Gerald Creed is a cultural anthropologist specializing in political economy, ritual, and identity in Eastern Europe. He has been conducting research in rural Bulgaria since 1987. His first project examined the impact of collectivization, socialist agrarian reforms, and subsequent privatization efforts on village and household economies. This long-term research is synthesized in his book Domesticating Revolution: From Socialist Reform to Ambivalent Transition in a Bulgarian Village (1998), which won the Bulgarian Studies Association book award.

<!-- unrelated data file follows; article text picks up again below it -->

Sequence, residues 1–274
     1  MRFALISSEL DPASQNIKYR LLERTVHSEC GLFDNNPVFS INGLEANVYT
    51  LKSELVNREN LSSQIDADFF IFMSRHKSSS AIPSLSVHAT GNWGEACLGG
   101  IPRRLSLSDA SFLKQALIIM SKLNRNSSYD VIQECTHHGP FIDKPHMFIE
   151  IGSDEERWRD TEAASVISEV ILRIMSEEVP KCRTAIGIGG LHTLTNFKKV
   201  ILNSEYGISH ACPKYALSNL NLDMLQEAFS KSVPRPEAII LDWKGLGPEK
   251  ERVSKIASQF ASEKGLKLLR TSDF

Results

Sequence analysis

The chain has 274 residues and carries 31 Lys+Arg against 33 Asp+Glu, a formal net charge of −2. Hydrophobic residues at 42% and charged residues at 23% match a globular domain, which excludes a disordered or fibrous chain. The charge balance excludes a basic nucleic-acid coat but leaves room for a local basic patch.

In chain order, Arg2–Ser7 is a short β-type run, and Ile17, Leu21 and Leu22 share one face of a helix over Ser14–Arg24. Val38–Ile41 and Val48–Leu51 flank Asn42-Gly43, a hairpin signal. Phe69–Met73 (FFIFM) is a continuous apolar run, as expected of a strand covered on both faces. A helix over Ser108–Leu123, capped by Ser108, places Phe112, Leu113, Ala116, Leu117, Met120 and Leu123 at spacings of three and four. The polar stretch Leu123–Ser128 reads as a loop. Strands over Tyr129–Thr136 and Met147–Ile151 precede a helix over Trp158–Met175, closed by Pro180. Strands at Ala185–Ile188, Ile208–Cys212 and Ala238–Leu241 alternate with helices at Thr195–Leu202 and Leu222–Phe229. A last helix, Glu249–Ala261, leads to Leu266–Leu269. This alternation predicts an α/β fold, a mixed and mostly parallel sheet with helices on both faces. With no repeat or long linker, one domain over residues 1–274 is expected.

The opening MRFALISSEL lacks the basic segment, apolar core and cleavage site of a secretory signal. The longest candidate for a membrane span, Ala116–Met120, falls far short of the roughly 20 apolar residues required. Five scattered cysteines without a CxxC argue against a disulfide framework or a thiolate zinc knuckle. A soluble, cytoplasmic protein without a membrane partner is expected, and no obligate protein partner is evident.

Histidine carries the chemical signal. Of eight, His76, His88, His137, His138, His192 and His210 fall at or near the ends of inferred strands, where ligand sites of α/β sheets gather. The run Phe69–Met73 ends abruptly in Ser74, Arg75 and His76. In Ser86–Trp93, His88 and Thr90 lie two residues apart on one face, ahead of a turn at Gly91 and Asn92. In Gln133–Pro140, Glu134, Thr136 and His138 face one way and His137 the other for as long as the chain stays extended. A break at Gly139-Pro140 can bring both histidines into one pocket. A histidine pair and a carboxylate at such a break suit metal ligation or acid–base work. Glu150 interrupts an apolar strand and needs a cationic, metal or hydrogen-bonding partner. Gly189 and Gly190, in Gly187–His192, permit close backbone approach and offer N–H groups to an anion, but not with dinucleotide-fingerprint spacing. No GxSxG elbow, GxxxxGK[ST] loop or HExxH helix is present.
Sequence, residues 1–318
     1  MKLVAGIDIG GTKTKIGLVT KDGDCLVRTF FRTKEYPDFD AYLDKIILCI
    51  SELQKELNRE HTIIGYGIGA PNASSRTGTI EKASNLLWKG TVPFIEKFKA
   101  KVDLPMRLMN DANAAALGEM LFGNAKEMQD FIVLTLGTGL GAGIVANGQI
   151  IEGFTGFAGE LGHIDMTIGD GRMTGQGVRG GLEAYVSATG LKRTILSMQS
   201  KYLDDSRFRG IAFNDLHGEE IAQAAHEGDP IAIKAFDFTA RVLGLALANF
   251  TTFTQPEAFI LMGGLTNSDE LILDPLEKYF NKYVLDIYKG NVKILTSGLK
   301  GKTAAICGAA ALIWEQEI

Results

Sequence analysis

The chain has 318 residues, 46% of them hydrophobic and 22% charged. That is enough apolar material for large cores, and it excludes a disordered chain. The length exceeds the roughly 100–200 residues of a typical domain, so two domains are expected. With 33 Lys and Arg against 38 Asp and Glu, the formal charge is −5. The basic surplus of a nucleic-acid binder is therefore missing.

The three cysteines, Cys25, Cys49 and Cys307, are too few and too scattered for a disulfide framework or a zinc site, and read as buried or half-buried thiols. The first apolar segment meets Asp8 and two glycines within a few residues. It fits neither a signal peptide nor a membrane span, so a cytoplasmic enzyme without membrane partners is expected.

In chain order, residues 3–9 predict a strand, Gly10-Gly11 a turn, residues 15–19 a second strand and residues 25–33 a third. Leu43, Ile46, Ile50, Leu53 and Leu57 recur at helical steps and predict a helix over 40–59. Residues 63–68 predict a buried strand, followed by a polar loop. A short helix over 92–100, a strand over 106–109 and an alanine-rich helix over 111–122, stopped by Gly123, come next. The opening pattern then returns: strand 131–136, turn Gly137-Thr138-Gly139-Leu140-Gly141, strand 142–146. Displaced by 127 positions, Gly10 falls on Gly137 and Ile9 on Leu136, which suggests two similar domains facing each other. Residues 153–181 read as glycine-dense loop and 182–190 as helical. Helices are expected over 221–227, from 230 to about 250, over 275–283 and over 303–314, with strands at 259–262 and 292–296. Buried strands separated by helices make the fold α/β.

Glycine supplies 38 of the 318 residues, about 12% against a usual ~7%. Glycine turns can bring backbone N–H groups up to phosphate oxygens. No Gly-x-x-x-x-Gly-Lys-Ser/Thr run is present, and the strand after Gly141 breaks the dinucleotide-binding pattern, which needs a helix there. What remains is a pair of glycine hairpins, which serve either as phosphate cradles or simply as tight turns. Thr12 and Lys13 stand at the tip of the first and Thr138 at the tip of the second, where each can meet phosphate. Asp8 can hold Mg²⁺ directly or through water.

Creed subsequently embarked on another long-term project examining ancient fertility rites still popular in Bulgaria. His book Masquerade and Postsocialism: Ritual and Cultural Dispossession in Bulgaria (2011) uses these rituals to challenge standard orthodoxies of postsocialist studies. This book also won the Bulgarian Studies Association book award, as well as an award from the Society for the Anthropology of Europe. He has also edited two volumes of essays: Knowing Your Place: Rural Identity and Cultural Hierarchy (1997), with Barbara Ching, and The Seductions of Community: Emancipations, Oppressions, Quandaries (2006). Creed earned his Ph.D. at the Graduate Center in 1992 and is currently the executive officer of the Ph.D. Program in Anthropology.